If you're a caveman (no, not the Geico caveman because you, my friend, would somehow think this is yet another slight on your kind) and you're eating a "Half Chocolately, Half Candy, Half Crazy" Vertigo bar from Topps Confections, you might want to keep your arms close by. The campaign, which kicks off March 19, was created by Duval Guillaume New York and will air through May 28 on Nickelodeon, Cartoon Network, ABC Family among others. Here's a look at one of the four :15's.
According to Molson Breweries, 36 percent of Candian hockey fans think players should be allowed to have more liberal curves on their stick. Maybe not for actually playing hockey but definitely for lazily reaching for a beer. Zig created. Untitled Produced.
"Looks like we've both got a whole that could use some filling." Couple that statement with imagery of a lecherous donut and busty jogger drinking from a fountain and you've got yourself copy which passes as acceptable these days. While there's nothing wrong with wanting to fill holes whenever one has the chance, imagery like this in a donut ad is just plain creepy. Especially if you're watching the ad while sitting next to anyone other than your very, very significant other. Well, we guess Krispy Kreme is doing all they can to keep it up. Their business, that is.
In a new commercial for online retailer BlueFly, two co-workers who have been eying each other for a long time finally hook up, have dinner together and wake up in the same bed. Planning ahead, the woman makes sure she has the right attire so as to avoid suspecting glances at the office the next morning. The M2GL-created ad was directed by TonyGoldwyn. Here's the :30 and the extended :90.
Here's one of those ads that makes you want to check your arms for track marks to make sure you aren't high on something. In this entrancing Innocent smoothie commercial, an orange introspectively ponders life after death as he prepares to become part of the product. You can see more of the refreshingly odd campaign here.
The campaign is not endorsed by Innocent but an effort by Swedish agency Peacock Advertising to pitch the account.
This made us laugh. Not quite so annoying as the fast talking T-Mobile Cheerleader - who was actually more endearingly cute than bothersome - comes this beach bitch who, while berating her agent on the phone, trips over a bottle which releases a genie who grants her three wishes. While the genie isn't sure he can grant the woman's first two witches, the third one's easy.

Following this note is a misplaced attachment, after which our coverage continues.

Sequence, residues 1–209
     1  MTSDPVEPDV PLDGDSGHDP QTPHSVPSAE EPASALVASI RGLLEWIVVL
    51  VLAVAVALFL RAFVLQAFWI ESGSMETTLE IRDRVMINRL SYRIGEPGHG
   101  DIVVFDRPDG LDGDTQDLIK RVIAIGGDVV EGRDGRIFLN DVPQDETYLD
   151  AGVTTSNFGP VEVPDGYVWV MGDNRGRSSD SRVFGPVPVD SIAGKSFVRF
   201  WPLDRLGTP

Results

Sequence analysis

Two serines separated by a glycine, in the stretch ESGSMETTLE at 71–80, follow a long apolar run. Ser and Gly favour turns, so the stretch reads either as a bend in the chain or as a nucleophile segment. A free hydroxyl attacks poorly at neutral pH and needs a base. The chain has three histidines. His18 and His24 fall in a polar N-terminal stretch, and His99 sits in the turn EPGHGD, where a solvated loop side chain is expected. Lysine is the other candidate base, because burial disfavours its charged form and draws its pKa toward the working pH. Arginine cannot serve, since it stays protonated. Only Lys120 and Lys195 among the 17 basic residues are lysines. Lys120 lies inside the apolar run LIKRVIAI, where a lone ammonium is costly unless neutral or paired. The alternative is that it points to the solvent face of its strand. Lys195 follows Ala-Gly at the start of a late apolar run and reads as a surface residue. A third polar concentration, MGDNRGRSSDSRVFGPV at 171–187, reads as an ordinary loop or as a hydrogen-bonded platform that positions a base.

The Budweiser spot, which broke March 1, was created by DDB Chicago and produced by anonymous content.
It's been a while and, unfortunately, it's a bit too late but here's some Leo Burnett-created spots for Chocolate Dipped Altoids we actually like. As the agency bids adieu to the client which is heading to the sunny San Francisco offices of Hal Riney, Leo Burnett can be pleased it created some decent work while in lame duck status. These four spots, produced by Biscuit, create four scenarios in which the intrigue displayed by the onlookers isn't due to what would normally cause intrigue. Each spot has a nice twist and holds attention long enough for the payoff. Don't worry, Leo Burnett. Be happy. Maybe Hall Riney will screw it up and the chocolate dipped weirdos will come running back to you. See all the ads here.
As a guy with a girlfriend or a wife, you know you've found yourself in situations where, if you were to view them as a third party, you'd cringe and wonder what the hell happened to your manishness. That's the plight in which the guy in this Texas Rangers commercial finds himself. Thankfully, the campaign's tagline, "You could use some baseball," has the cure.
The campaign, created by Austin-based Door Number 3, consists of three television commercials and an outdoor effort (PDF).
Here's an ad that acknowledges men for what they truly are: animals on the hunt for whatever sparks their fancy. In this commercial for Belgian men's magazine P-magazine, two men break into a bank, hold everyone at gunpoint and grab the cash. One of the tellers, Belgian model Sylvie De Caluwé, is so stunningly beautiful, one of the robbers can't help but take a break from the action to try and get some action. Cleverly honest. Duval Guillaume Antwerp created the ad.
We're just out of comments when it comes to the GAP, it's marketing and its apparent inability to connect with any segment of any demographic. In this spot, Claire Danes and Patrick Wilson dance across an empty stage to Irving Berlin's "Anything You Can Do" all to promote...The Boyfriend Trouser. Huh? Whatever.
The spot was created by Laird and Partners with some visual help from Brickyard.